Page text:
Carmen Suite

Rodion Shchedrin

Carmen Suite

“The Carmen Ballet”

About this work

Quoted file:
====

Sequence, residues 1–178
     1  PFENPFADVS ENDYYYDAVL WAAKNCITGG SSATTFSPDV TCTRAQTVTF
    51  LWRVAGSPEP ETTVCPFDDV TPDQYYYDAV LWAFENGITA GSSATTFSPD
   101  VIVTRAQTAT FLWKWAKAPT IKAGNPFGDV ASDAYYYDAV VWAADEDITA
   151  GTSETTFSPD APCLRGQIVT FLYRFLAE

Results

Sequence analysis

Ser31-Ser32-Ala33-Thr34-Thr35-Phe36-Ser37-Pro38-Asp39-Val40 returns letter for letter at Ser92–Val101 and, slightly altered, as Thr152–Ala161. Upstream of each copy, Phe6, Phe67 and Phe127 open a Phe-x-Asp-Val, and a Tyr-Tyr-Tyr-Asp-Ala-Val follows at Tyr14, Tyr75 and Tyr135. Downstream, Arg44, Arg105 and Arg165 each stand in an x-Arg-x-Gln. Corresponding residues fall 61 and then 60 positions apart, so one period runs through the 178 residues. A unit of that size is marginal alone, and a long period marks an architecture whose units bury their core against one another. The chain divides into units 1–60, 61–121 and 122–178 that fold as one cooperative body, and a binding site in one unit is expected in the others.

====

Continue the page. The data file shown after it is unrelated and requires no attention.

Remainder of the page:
Ever since musical audiences recovered from their initial distaste for Georges Bizet's Carmen in 1875, the opera's inexhaustible fund of winning, memorable tunes has been used for potpourris, fantasies, and suites. The ballet that Russian composer Rodion Shchedrin produced on the score in 1967 stands somewhat apart from most of these. (Like many of Shchedrin's ballets, it was written for his wife, Maya Plisetskaya, who gave the premiere at the Bolshoi Theatre that same year.) Shchedrin thought it would be impossible to write a Carmen ballet without Bizet's music, not least since very few audiences could (or would care to) forget the glories of Bizet's score while listening to a new treatment of the story. But Shchedrin wanted to put his own stamp on the music, too, making himself if not an equal partner at least something above the level of arranger. He accomplished this first by scoring the suite for strings and percussion, forcing him to find inventive new sonorities to substitute for Bizet's well-loved timbres. The famous Habanera is stated here once by vibraphone and tympani in a bouncy duet -- certainly a sound far from Bizet's mind, but no less engaging for that. In other places, Shchedrin uses the percussion to unexpectedly rattle the melodic line, as in the "Changing the Guard" scene, when plinks and clanks barge in on the separate notes of the theme. Shchedrin also works more subtle distortions, tweaking notes, rhythms and chords until they sound ever so slightly dissimilar to Bizet's original and thus giving the score an occasional neo-Classical feel. Melodies are occasionally combined for "found" counterpoint; melodies are also sometimes cut short, or left without accompaniment, when Shchedrin thinks the listener can figure out what happenes, as when a big whipped-up climax in the Torero scene leads to nothing but the lowest percussion, pumping quietly, merrily, and obliviously along. Yet the big melodies are all quite recognizable, and the dramatic power of the score easily endures Shchedrin's interventions; the whole thing has the curious quality of feeling irreverent and deeply humble at the same time. The finale exemplifies this perfectly: melodies get twisted, thrown to exotic percussion, and otherwise trampled, but the resulting music, with its passionate climax and coda of distant bells and pizzicato strings, still has gravity and depth, due both to Bizet and to Shchedrin's interventions.